CALIFORNIA (KTXL) — Tens of thousands of academic workers at University of California campuses went on strike Monday with a number of demands for the multi-campus institution.

That salaries are part of the dispute is not surprising in any strike action, but the workers, represented by the United Auto Workers (UAW) union, are asking for more than just raises.

The union is proposing a number of benefits including transit benefits, childcare reimbursements and accessibility improvements.

Academic researchers, post-doctorate workers, academic student employees, and student researchers are technically bargaining as separate groups, meaning they could theoretically end up with different deals.

However, generally, the union representing the workers is asking for much of the same in each contract negotiation and the school is making similar counter-proposals to the groups.

Here’s a breakdown of what the employees are asking for and what the University of California is offering.

Climate-Friendly Transit Benefits

Workers at the University of California campuses are demanding their employer promote lower emissions commuting options in a number of ways.

The union wants the university to subsidize up to $360 a year in bike purchases, gear, repairs, bike share memberships or other associated costs for workers who do not purchase parking passes. The union has also proposed that workers who purchase an e-bike receive a $500 rebate.

The union is also proposing that workers who take public transportation to work be paid 50% of the cost of purchasing a parking pass to incentivize workers not to drive. Workers are also calling for the university to freeze its parking fees at their current rate.

For those who drive to work, the union is asking parking to be discounted 25% for those who carpool.

Earlier proposals also included a requirement for the university to build more biking infrastructure on campus but that no longer appears in newer proposals from the union.

The university is mostly ignoring these requests, instead proposing a $20 monthly pre-tax transit allowance and the ability for the union to call meetings with the university to discuss ways to enhance worker access to public transportation.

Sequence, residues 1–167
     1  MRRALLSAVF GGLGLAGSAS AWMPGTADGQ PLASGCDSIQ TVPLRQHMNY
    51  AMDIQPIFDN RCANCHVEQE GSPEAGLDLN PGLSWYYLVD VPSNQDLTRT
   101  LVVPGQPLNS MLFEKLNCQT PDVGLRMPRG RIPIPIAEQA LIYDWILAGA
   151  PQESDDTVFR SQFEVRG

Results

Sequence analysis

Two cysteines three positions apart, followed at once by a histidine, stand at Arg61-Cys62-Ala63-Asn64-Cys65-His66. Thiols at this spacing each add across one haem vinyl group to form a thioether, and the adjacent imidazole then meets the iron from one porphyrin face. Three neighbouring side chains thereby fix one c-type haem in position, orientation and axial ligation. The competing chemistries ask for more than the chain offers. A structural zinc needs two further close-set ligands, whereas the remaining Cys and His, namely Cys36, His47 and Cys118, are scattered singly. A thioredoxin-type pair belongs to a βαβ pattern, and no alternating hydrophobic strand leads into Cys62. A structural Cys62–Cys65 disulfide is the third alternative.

Support for Working Parents

The University of California offers childcare facilities at a number of its campuses that are open to students, faculty, staff, and the surrounding community.

Full-time care Monday through Friday at an on-campus facility for children not yet old enough to attend school typically costs between $1500-$2000 per month.

Unlike with the issues being negotiated over in transit, the two sides seem to at least be on the page.

Across all bargaining units, the union is requesting workers be reimbursed amounts that would cover most of the cost of child care for the quarter or semester the worker is employed. The university’s counter-proposals amounts would cover up to $1350 per quarter in childcare costs.

Accessibility Improvements

UAW has proposed a number of accessibility improvements for workers with disabilities.

A considerable part of those efforts are requiring that captioning be available for any audiovisual communication and that in-person work and events be available through “online access options.”

While the two sides have come to a tentative agreement for the “Reasonable Accommodations” section of their contract, these specific proposals have so far seemingly not been responded to by the university.

Other Benefits

The union’s website lists seven “core demands” including salary increases and some of the benefits already discussed.

Workers are also seeking visa assistance and lower fees for international students; longer positional appointments and anti-bullying protections.

The university and the union have already come to a tentative agreement on the bullying protections in a section of the contract titled “Respectful Work Environment” which UAW says lays out grievance process timelines; includes the ability to appeal for third-party arbitration; defines what does and does not constitute abusive conduct and allows for remote or otherwise separated work while the grievance process is ongoing.